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By Patrick Samuel • February 17th, 2011
Static Mass Rating: 5/5

Release date: November 29th 2010
Running time: 31:24 minutes

Composer: Jon Hopkins

Jon Hopkins is a composer who has been playing the piano since he was five years old. Over the years he’s worked with Brian Eno and Coldplay but his latest piece of work is something otherworldly.

For Gareth Edwards’ experimental science fiction love story/road movie Monsters, Hopkins has produced a score which is very much in tune with its mood and style. While some tracks are understated and melancholic at times, other tracks are tense and eerie.

The Monsters Theme which is a combination of electronic and orchestral elements is one of the most beautiful pieces of music I’ve heard in a long while. When I think of the movie, I hear this piece of music and the two have become inseparable I my mind, but there are many more tracks on here which also standout on their own.

Jon Hopkins: Monsters

Prologue, the first track, begins in a mildly ominous tone. Strings and pads combine in a slowly swelling soundscape before launching into Journey which sounds exactly as the title suggests.

With hints of not only Michael Nyman (Gattaca), but also Clint Mansell (The Fountain) and Cliff Martinez (Wicker Park), Hopkins taps into a futuristic sound which pulls up many images; emotions, memories and shards of dreams half remembered, half forgotten.

Edwards sheds some light on how Hopkins came to be the film’s composer:

“Throughout the edit process you use temporary music to help you along, and the music we used was some of the best in the world from some of the most famous films. So I just got to the end of the process thinking we can’t possibly beat this, no one could come along and create anything like this. But it happened that the music supervisor Lol Hammond had worked with Jon Hopkins. People were raving about him, so I met Jon and basically said here you go, beat that! I personally thought he was never going to do it, but he came back with these beautiful pieces that were just perfect. There’s a lot of emotion and heart in the film and much of that is because of Jon’s composing; it’s just beautiful.”


01. Prologue
02. Journey
03. Candles
04. Water
05. Underwater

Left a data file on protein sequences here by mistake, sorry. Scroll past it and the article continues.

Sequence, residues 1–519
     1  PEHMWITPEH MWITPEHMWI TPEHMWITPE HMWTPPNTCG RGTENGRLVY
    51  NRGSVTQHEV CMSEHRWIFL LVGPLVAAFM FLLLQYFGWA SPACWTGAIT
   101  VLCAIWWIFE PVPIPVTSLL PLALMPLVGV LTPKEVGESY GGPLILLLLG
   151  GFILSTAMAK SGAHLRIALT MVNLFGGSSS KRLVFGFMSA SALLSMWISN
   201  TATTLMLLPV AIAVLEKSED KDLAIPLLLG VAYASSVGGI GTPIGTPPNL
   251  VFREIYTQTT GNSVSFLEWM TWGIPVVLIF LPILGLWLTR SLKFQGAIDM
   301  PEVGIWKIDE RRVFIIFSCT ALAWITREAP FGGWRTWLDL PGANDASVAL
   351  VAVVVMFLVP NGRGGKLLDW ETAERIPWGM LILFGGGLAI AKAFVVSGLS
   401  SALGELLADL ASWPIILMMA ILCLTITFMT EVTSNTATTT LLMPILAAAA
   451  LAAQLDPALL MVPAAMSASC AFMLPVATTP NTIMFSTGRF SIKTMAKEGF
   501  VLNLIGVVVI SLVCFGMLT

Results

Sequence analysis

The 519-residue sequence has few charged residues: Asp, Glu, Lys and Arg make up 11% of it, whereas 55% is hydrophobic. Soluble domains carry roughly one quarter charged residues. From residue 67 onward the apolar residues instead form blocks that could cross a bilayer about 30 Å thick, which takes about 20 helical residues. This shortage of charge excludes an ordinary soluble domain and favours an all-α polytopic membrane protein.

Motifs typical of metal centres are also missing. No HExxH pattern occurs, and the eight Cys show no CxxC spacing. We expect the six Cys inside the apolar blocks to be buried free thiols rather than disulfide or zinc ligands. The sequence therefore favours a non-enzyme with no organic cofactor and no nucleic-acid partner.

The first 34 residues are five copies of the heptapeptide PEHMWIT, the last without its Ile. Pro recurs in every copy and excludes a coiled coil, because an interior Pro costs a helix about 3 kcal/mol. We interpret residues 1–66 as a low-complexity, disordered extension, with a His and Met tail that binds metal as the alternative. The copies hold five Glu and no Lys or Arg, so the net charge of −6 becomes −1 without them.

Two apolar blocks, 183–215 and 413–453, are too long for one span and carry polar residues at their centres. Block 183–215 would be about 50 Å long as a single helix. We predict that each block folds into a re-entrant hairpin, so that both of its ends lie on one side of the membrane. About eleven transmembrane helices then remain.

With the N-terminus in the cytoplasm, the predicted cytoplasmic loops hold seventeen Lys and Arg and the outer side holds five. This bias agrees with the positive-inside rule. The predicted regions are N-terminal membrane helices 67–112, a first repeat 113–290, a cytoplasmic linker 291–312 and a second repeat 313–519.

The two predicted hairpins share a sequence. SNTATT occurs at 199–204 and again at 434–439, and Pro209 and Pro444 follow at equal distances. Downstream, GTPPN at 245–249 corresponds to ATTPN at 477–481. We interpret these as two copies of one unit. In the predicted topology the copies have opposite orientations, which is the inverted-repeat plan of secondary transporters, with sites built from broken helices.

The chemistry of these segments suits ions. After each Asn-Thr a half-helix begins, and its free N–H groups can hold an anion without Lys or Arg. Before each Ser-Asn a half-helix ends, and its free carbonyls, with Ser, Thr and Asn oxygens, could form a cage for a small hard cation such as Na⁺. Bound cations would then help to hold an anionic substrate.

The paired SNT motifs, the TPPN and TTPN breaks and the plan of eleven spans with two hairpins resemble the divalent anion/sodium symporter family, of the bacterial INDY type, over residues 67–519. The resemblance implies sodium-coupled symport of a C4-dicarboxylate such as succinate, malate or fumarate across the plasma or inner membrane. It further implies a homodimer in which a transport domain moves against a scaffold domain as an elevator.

06. Spores
07. Campfire
08. Dawn
09. Attack
10. Temple
11. Encounter
12. Monsters Theme

The score was built on string parts performed by legendary arranger Davide Rossi which Hopkins then processed and combined it with his trademark electronics to echo Edwards’ cinematography.

Track 4 is Water and it bubbles along with tones reminiscent of Martinez’s score for Solaris but adding something entirely different to it at the same time whereas Underwater has a much darker, more menacing tone. The strings play sinisterly over the keys in the upper scale heightening not only tension but also expectations while Spores takes you to those unexplored places.

Jon Hopkins: Monsters

Campfire is a track I would choose for a compilation of favourite soundtrack pieces. It begins with a simple set of notes played on the keys, but each note hits the mark so perfectly that I want it go on forever.

At just over 31 minutes, the soundtrack is short and sweet. While many other soundtracks I’ve come across before feature tracks you never heard in the movie or are arranged so differently they can’t be placed, this is not the case with Hopkins’ Monsters. Each individual track wastes no time in getting to the point and setting the scene and on their own, they tell the story of Monsters. For any soundtrack collector, this is an essential one for your collection.

Patrick Samuel

Patrick Samuel

The founder of Static Mass Emporium and one of its Editors in Chief is an emerging artist with a philosophy degree, working primarily with pastels and graphite pencils, but he also enjoys experimenting with water colours, acrylics, glass and oil paints.

Being on the autistic spectrum with Asperger’s Syndrome, he is stimulated by bold, contrasting colours, intricate details, multiple textures, and varying shades of light and dark. Patrick's work extends to sound and video, and when not drawing or painting, he can be found working on projects he shares online with his followers.

Patrick returned to drawing and painting after a prolonged break in December 2016 as part of his daily art therapy, and is now making the transition to being a full-time artist. As a spokesperson for autism awareness, he also gives talks and presentations on the benefits of creative therapy.

Static Mass is where he lives his passion for film and writing about it. A fan of film classics, documentaries and science fiction, Patrick prefers films with an impeccable way of storytelling that reflect on the human condition.

Patrick Samuel ¦ Asperger Artist

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